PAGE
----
• How will I evaluate sources of information to ensure that content is reliable?




3.5 Other Factors to Consider


This is where your qualities as a knowledge worker are really put to the
test, as the best decisions take all available knowledge into account. Once
you have assessed the usefulness of information, you must consider other factors that might influence the decision, such as:

  • gut feeling — ‘I just know that this is the right thing to do’
  • emotion — ‘I will never forgive myself if I make a risky decision’
  • sentiment — ‘what will the others think?’
  • ambition — ‘how will this affect my career?’
  • lack of knowledge — are the gaps significant?




3.6 Making a Decision


You should at this stage have gained as much information as possible about
the situation. You now need to maximise your knowledge by analysing the
information and by testing out alternative solutions.

There are many ways of manipulating information to help you make
decisions but one of the most useful is that of modelling.
Spreadsheet models are powerful aids to decision making. A wellconstructed
model will capture the main features of a situation without getting bogged down with unimportant details. It will allow you to explore alternatives and predict behaviour under different conditions. The results of using the model, combined with all the other knowledge you have relating to the situation, should allow you to make a decision or recommendations for the future.




3.7 Computer Modelling


You will need to practise using spreadsheet models to help you make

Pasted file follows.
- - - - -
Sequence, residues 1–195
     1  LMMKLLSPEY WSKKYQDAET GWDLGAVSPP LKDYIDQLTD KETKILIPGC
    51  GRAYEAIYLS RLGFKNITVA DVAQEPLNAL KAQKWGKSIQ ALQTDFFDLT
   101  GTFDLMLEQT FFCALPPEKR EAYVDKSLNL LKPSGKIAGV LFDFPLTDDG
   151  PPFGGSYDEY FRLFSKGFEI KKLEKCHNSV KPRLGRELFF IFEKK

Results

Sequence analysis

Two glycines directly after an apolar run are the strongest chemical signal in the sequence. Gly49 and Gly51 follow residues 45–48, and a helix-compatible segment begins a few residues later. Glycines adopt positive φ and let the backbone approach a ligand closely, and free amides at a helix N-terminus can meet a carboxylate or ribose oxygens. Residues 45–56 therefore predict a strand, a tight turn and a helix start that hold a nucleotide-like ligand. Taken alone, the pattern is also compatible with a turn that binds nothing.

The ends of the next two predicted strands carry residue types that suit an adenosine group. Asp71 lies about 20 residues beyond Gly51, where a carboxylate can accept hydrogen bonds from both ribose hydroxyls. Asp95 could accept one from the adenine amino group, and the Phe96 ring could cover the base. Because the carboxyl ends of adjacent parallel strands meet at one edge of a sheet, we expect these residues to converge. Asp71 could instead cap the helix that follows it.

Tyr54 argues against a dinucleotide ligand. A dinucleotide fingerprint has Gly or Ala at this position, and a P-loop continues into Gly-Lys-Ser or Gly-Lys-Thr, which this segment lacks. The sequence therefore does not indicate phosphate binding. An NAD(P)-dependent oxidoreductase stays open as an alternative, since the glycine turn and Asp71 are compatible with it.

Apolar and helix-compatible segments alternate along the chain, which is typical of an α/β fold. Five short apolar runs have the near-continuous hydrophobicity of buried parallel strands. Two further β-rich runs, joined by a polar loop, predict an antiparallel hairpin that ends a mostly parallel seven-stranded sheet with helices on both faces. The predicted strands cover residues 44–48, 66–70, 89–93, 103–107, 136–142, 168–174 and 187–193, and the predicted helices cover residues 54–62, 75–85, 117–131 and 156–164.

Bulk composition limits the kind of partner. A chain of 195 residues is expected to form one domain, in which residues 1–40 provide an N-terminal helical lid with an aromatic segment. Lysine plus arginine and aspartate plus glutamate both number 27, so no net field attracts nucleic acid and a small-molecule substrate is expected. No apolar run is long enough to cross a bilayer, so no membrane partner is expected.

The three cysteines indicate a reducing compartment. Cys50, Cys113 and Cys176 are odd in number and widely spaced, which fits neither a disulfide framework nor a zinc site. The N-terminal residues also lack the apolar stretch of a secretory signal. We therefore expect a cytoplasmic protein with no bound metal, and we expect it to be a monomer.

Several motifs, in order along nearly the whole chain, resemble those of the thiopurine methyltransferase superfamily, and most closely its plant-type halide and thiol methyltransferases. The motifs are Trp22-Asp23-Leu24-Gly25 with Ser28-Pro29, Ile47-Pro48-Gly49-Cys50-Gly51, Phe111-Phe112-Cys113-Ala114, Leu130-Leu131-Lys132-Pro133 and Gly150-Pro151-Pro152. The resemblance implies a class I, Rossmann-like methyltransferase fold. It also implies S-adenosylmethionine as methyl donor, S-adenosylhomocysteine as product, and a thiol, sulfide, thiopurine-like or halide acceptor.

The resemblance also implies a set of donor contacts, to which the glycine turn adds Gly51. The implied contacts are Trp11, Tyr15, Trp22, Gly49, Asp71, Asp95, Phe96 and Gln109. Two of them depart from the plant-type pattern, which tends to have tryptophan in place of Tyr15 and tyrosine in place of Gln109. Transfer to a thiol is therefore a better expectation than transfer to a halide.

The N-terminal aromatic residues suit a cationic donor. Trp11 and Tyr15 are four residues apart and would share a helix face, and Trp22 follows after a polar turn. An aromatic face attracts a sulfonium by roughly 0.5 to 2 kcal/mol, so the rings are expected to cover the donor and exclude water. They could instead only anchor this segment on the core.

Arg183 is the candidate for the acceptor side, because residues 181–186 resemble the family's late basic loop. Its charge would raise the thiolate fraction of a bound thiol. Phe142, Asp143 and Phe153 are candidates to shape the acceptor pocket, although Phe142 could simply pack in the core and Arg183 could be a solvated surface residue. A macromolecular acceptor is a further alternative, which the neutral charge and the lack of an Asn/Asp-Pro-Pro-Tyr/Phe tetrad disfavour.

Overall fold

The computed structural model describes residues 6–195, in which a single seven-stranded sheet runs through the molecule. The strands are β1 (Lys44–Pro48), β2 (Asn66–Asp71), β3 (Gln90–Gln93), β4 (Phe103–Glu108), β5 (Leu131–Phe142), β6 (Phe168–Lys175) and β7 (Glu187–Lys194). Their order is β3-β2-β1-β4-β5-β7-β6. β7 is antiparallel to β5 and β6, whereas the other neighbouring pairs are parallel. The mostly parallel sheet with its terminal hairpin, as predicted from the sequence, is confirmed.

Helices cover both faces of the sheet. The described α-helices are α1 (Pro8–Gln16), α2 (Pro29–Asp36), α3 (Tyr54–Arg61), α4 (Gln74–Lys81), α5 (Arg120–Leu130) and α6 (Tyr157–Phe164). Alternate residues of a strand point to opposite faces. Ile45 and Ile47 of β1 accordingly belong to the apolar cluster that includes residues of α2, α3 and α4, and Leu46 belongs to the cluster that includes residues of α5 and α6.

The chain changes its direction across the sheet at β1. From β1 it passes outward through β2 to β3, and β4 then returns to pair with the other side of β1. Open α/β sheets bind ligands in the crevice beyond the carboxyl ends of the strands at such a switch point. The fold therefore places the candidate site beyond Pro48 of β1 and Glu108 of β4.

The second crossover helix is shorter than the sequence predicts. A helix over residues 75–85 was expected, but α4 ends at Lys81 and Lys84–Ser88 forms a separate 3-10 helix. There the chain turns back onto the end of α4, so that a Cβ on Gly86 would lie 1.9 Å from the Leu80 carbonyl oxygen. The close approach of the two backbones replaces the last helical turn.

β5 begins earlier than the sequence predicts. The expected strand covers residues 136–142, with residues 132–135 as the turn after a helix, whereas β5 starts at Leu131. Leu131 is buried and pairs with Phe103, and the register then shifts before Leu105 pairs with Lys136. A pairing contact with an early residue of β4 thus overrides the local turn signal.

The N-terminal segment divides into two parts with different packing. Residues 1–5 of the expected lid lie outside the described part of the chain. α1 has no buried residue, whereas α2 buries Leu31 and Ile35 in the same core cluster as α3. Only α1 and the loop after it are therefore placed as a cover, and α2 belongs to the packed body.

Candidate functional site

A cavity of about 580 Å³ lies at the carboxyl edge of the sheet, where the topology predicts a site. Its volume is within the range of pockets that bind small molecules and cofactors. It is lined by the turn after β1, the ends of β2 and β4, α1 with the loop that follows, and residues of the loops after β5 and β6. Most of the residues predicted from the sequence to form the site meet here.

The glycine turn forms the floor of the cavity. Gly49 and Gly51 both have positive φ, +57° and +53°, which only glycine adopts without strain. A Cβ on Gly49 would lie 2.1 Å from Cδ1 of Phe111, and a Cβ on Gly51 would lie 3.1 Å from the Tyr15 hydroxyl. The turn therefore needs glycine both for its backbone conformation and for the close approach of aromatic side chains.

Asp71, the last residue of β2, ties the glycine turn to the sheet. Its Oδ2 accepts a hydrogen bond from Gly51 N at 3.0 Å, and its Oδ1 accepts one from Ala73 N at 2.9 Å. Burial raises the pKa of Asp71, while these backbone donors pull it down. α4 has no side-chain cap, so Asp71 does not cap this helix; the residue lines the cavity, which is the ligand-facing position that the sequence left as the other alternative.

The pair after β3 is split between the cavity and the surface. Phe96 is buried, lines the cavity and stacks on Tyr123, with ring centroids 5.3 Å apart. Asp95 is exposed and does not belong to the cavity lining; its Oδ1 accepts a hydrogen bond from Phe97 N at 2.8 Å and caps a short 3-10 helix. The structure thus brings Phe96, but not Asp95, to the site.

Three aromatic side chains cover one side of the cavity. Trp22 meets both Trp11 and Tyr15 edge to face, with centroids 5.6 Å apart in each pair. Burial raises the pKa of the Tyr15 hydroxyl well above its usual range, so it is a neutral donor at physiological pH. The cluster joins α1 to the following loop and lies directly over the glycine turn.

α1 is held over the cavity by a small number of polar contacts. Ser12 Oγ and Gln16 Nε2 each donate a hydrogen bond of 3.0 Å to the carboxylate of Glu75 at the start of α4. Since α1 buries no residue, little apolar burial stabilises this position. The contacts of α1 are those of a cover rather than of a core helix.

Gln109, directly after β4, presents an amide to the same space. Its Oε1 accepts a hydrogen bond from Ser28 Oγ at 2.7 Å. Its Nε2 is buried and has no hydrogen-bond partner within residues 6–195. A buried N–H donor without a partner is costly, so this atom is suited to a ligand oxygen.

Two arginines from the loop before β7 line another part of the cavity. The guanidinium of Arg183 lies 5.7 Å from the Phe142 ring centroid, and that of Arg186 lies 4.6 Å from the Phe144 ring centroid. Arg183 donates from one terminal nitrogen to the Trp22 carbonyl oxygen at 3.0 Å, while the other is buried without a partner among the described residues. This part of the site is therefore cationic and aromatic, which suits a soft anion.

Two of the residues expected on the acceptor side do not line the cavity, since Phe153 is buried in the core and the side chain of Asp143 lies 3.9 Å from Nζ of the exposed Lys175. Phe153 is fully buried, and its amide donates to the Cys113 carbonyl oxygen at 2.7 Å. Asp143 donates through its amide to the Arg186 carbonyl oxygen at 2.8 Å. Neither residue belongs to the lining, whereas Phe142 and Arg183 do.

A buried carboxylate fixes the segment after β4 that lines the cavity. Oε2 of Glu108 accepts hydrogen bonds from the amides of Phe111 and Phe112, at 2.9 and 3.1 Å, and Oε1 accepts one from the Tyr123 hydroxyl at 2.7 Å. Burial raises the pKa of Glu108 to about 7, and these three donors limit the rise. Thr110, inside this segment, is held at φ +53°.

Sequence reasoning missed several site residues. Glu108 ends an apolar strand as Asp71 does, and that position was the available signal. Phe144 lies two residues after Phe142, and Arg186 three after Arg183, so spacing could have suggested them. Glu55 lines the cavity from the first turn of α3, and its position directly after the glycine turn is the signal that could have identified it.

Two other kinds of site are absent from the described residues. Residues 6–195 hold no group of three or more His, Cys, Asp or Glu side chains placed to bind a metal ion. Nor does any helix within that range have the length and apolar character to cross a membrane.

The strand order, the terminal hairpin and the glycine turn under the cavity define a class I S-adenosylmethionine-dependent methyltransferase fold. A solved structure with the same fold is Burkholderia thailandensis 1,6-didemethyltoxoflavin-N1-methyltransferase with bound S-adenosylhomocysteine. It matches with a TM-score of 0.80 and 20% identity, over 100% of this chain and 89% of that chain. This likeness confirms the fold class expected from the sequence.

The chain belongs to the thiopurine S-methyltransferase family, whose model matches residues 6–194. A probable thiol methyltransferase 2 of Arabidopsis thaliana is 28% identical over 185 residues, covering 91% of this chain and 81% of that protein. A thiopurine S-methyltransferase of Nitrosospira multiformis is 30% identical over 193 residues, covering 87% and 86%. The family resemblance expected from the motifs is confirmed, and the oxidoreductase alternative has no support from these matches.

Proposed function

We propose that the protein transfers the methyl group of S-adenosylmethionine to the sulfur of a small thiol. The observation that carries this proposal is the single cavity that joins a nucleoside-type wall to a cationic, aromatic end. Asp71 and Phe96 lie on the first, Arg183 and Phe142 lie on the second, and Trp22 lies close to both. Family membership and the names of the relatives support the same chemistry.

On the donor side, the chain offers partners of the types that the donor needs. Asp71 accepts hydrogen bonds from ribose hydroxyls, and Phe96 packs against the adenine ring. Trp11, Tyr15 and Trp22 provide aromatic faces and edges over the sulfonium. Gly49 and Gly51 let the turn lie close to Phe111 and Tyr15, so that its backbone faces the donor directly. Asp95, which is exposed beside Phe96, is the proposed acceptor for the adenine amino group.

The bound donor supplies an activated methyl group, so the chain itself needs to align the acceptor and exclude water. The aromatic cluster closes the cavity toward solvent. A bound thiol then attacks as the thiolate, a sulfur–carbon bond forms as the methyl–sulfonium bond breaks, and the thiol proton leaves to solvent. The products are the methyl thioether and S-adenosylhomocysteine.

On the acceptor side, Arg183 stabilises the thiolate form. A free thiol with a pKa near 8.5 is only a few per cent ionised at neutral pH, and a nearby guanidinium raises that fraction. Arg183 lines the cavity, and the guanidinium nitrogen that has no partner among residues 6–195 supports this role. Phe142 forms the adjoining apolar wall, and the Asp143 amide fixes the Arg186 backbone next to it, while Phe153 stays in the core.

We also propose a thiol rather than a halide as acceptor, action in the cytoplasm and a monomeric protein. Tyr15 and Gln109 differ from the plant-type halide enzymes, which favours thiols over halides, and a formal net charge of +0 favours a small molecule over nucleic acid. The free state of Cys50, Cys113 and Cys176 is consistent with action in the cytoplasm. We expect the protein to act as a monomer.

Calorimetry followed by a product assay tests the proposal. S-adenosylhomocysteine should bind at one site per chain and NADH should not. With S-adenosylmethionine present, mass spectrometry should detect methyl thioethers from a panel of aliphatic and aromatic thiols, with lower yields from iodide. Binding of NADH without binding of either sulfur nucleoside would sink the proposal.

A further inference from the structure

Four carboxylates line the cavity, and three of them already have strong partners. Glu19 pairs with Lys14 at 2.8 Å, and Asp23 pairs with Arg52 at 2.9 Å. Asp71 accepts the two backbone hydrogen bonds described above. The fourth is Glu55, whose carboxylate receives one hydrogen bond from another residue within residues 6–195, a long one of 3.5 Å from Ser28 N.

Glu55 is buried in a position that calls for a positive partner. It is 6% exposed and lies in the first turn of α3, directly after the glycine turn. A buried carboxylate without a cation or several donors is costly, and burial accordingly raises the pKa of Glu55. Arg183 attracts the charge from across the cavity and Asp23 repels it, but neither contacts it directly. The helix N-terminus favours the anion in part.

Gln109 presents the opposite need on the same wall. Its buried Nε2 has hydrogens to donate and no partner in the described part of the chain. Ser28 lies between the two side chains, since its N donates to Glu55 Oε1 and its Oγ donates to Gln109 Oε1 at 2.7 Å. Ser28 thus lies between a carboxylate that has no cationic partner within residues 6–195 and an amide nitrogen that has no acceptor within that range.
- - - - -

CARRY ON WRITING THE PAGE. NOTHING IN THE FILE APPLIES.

decisions. But, bear in mind that the decisions you make are only ever as
good as the model upon which they are based! Before putting your trust in
a model — whether created by you or somebody else — you need to check
that it is correct.

  • Is the logic of the model correct?
  • Are the data formats appropriate?
  • Is the syntax of the formulae correct?
  • Are the cell references correct?

Before you begin to design and construct spreadsheet models of your own,
you will need to try out and evaluate a range of existing models. When
evaluating each model you should determine:

  • the process/scenario being modelled
  • what it does
  • how well it does it
  • whether it could be improved
  • which variables can be input
  • what the output tells you
  • the decisions you could make using it




3.8 Using a Model to Consider Alternatives


Once you are sure that a model is working correctly you can use it to see
the effects of various courses of action. For example, the model may
indicate the most cost-effective solution, but that is unlikely to be the
only consideration. You will need to decide:

  • which decision produces the best results
  • the alternatives
  • factors that differentiate between them
  • anything that the model does not take into account
  • what the impact of these might be




3.9 Justifying the Decision


Having considered both the results of your model and other factors, you
will need to use your knowledge to make a decision. As a knowledge
worker your task is not only to make recommendations based on the
information you have selected or derived, but to justify your decisions to
others. As you go through the decision making process you should record
your progress so that relevant documentation is available when you come